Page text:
I don't have the bandwidth right now to multiquote or respond to many postings, so I am going to try to catch many points in one post.
My debate points on higher/lower capacity units have mostly defined low capacity as <3gph. I cannot see how these make any sense at all. The 8-12gph DC systems fill a much more usable middle ground (we have been cruising 4+ years with a 6gph system). However, I have found that these systems do not make sense for full time cruising in the tropics with no marina visits UNLESS they are an energy recovery system (and that means Spectra/Schenker). I have purposefully set these aside in my points because their price
makes no sense. If one is buying
new, it still makes sense to me to get a 20-30gph AC system for half the price
of a 8-12gph DC system.
The issue regarding output and power is the terminal voltage, not the battery
batteries make no difference here because their voltages are the same as any other battery
type - regardless of how long they hold that under-spec'd voltage. You will still need a running charging
source to meet output specs because these units are spec'd at 13.8V.
There is no way to make a DC system more efficient other than buying
an energy recovery unit. I am assuming proper wiring
I agree that if one has sufficient solar/wind, one can run a lower output DC system for long periods of time. However, this isn't really practical unless one has an energy recovery system. These are VERY expensive and another debate altogether. It really is about amps per gallon, but the price wall makes the decision complicated. If money
is no object and one has enough wind/solar to provide daily energy PLUS water
(and you know this is true from actual experience with your usage and systems and not a paper calculation), then I agree that a Spectra/Schenker makes sense.
A larger capacity DC system either uses as much, or more, energy as a higher capacity AC system or, if an energy recovery one, costs as much as a moon landing. And at this size it will be less energy efficient because you will be trying to charge the battery at the same time as pulling 100 amps out of it instead of simply running it directly off the AC of the generator
. It will be a rare boat indeed that can supply enough solar/wind to power a 1000gpd system, let alone meet daily energy demands - energy recovery or not.
, etc adds complication and mucho cost. Nothing wrong with that, but cost has been one of the major debate points of this thread, and many people I meet with these systems are constantly fighting them and jumping over the automated parts
to keep them running. If you are leaving your boat for a long time (many months), it makes more sense to simply pickle the membrane. If you are only leaving for a couple of weeks at a time, a single
good freshwater flush will last that long.
I disagree that the smaller systems have reduced operating and capital costs. The facts are easy on the capital costs - the larger AC units are the same price, or less expensive, than the smaller DC units. The AC units all use common parts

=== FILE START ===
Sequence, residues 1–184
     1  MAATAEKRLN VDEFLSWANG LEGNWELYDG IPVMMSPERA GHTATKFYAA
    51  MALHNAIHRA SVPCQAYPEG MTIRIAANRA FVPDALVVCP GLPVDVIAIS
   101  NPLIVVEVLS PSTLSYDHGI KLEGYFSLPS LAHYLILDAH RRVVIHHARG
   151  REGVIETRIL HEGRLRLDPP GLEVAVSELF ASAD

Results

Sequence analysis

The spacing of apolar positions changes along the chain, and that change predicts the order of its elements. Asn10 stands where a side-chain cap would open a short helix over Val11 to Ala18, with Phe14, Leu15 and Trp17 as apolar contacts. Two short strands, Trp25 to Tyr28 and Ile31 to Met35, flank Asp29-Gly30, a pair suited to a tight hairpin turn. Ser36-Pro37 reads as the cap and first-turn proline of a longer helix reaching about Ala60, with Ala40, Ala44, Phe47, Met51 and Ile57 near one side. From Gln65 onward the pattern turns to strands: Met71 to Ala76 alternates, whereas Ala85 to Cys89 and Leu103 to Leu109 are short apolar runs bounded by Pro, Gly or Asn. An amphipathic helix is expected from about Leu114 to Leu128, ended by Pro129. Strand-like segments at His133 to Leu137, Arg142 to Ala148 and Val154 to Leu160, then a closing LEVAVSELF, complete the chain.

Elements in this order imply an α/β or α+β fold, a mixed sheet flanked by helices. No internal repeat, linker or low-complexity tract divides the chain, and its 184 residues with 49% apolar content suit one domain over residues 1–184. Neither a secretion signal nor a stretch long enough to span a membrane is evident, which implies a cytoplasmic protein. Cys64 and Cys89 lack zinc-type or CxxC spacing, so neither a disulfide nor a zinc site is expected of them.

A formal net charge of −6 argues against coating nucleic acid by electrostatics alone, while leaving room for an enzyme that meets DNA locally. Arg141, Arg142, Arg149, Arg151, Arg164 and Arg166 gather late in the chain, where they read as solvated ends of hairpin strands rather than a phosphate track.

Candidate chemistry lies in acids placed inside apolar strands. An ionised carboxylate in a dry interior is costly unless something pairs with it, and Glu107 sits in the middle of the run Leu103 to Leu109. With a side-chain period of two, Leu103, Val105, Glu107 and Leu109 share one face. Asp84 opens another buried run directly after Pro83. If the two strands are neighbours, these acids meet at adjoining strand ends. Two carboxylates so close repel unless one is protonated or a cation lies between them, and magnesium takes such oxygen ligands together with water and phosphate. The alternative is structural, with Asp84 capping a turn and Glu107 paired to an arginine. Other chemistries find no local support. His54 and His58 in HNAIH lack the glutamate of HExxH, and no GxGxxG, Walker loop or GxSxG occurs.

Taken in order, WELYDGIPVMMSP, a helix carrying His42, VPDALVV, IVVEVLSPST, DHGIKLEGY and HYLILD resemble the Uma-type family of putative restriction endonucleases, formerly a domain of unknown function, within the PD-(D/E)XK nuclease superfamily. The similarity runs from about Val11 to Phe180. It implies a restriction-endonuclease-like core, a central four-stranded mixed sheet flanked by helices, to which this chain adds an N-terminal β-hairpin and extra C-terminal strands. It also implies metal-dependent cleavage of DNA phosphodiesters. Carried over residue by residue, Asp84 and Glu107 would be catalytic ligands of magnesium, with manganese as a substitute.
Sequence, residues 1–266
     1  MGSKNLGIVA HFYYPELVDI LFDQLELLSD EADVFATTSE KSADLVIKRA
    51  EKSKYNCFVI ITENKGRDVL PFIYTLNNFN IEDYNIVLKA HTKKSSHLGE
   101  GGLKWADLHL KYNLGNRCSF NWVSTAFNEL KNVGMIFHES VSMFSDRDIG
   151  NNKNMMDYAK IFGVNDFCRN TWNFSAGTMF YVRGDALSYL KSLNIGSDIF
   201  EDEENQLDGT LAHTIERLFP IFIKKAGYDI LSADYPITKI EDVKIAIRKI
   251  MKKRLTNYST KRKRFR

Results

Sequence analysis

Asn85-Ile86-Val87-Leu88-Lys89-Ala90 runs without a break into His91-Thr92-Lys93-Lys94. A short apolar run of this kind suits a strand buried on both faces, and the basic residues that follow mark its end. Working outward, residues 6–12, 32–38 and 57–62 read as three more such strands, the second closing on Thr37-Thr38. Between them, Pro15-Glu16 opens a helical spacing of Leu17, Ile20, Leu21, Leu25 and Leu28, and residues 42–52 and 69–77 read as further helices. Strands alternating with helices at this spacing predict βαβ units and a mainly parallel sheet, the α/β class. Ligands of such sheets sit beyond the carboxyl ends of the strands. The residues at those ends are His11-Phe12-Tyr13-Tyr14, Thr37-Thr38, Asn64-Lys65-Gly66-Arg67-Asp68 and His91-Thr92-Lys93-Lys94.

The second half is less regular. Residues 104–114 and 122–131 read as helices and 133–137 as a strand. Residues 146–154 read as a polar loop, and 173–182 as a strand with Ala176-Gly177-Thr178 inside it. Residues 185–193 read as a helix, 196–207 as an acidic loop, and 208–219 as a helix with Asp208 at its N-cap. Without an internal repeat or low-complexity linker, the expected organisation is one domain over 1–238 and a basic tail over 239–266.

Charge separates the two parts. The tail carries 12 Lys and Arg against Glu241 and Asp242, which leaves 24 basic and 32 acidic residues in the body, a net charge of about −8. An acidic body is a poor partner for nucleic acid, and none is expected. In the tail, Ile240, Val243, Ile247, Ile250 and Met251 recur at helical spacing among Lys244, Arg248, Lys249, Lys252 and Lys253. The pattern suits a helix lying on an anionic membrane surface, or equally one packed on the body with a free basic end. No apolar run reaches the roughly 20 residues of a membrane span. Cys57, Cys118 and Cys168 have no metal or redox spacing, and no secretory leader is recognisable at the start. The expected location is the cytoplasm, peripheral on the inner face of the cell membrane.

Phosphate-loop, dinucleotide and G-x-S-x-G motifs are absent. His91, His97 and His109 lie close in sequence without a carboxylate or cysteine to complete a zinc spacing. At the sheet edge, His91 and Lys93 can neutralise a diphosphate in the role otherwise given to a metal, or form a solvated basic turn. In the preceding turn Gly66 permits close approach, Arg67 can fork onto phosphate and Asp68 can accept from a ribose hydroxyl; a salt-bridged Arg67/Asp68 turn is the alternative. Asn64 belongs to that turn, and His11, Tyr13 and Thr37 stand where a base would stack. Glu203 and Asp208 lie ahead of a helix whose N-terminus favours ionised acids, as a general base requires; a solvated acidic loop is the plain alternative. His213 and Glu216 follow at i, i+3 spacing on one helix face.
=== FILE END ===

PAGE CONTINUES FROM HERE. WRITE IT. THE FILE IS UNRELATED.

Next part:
found anywhere in the world. The membranes are standard sized and easily ordered inexpensively. Go ahead and price a membrane from Village Marine
or PUR. Then price a HP pump from any maker of your choice. Then see about getting that HP pump repaired in Columbia
. Now do the same for a standard sized Filmtec membrane and a common CAT or General HP pump. Operating costs in terms of $/gallon may or may not be reduced depending on how it is operated and how much cost went into the alternate energy systems running it. An AC system run off an inverter
while motoring is essentially free since you needed to motor
anyway. However, even dedicating a Honda generator
to a watermaker
is less upfront cost than a large wind/solar array.
It is not just polluted anchorages
that are a problem. Try running your watermaker
in beautiful Thompson Bay Long Island Bahamas
. Or almost any other bay on Long Island Bahamas
. These are fantastic cruising grounds, but they are full of silt and your filters will completely plug
within 20 minutes. Same at Crooked and Aklins. We are often anchored behind beautiful reefs
with excellent snorkeling and fishing
during tradewind season where the sand is washing
over so much that the filters clog fast. We are also often anchored in beautiful fun places in the summer months when the algae and microscopic jellyfish (hydras?) are thick and will clog your filters in no time. Now let me tell you about anchoring
near mouths of rivers that provide excellent exploring and wildlife. Guess what happens there...?
In other words, we too leave polluted anchorages
as fast as we can, but regularly encounter excellent cruising grounds that we wish to spend time in that are not amenable to making water
. In these areas, we are finding our 6gh system to be a pain.
In tropic waters, the system cannot set more than 3 days without flushing
To summarize my opinion and experiences, the <3gph systems make no sense at all. The 8-12gph DC systems make some sense depending on your water needs, your cruising grounds, energy usage and supply, and if they are a Spectra/Schenker make much more sense if you ignore the cost of these units. 20-30gph AC systems make the most sense for those who wish to use live and use water comfortably, cruise
in tropic climates, do not have a military-sized budget
, have a generator of some sorts (even a suitcase Honda) and an appropriately sized inverter
coupled with a reasonable alternator